This is how liberals justify their claims that the poor got poorer during the Reagan administration. It's not true, of course; earnings rose substantially and income rates were cut for all income groups across the board. But -- the argument goes -- the "chasm" between the rich and the poor had grown, so the poor had become poorer in comparison to the rich.
Adherents to the chasm theory are resolutely indifferent to the fact that it's been disproved. We can already see what a society is like where the chasm between rich and poor has been virtually eliminated. It's called Cuba. If it were the comparative wealth of the rich that made others poor, it would follow that poor Cubans must be much wealthier than poor Americans. In reality, though, people who are considered poor in the U.S. have a higher standard of living than those called "middle-class" in developed European countries.
The billionaires who are arguing in favor of the estate tax are trying to make it appear as if they're making a sacrifice by turning down a tax cut, but they're not the ones subject to the tax; their children are. Ted Turner will never live to see the government carve up his empire. However, he will, if the tax survives, watch it punish the families of some of his competitors.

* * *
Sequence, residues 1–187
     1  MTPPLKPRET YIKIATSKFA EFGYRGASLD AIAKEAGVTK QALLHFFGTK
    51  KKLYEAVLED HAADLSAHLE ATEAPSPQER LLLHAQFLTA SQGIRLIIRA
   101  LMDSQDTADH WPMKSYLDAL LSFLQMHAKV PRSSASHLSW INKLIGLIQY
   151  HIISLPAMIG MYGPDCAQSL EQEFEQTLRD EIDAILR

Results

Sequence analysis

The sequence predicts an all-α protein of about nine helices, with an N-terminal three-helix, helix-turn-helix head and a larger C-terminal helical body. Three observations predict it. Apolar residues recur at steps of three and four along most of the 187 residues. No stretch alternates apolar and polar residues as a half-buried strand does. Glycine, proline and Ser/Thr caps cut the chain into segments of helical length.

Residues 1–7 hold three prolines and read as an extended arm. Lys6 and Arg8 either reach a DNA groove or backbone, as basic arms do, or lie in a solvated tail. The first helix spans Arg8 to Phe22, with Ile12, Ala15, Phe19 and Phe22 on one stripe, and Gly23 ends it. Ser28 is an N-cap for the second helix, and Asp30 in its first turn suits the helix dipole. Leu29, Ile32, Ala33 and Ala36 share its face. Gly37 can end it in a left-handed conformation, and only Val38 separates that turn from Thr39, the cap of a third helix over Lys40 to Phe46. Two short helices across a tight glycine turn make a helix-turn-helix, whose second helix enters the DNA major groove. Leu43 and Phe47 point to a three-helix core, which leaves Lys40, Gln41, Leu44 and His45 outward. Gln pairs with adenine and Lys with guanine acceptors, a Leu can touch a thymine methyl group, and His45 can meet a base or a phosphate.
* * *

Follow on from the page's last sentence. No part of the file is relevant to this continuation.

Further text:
What if somebody devised a way to implement the tax on Turner's estate while he's still alive, so that he'd have to pay the tax himself? Wouldn't it narrow the "chasm" if Turner had to sell off some of his assets to pay the tax? So maybe he'd keep CNN and its affiliated news channels, but Turner Classic Movies might have to sign off the air. Maybe he could keep the Braves, but would have to fold his hockey team, the Atlanta Thrashers. According to Chasm Theory, this would help the "poor" and the "middle-class" ... but how? By eliminating jobs, and reducing options for consumers?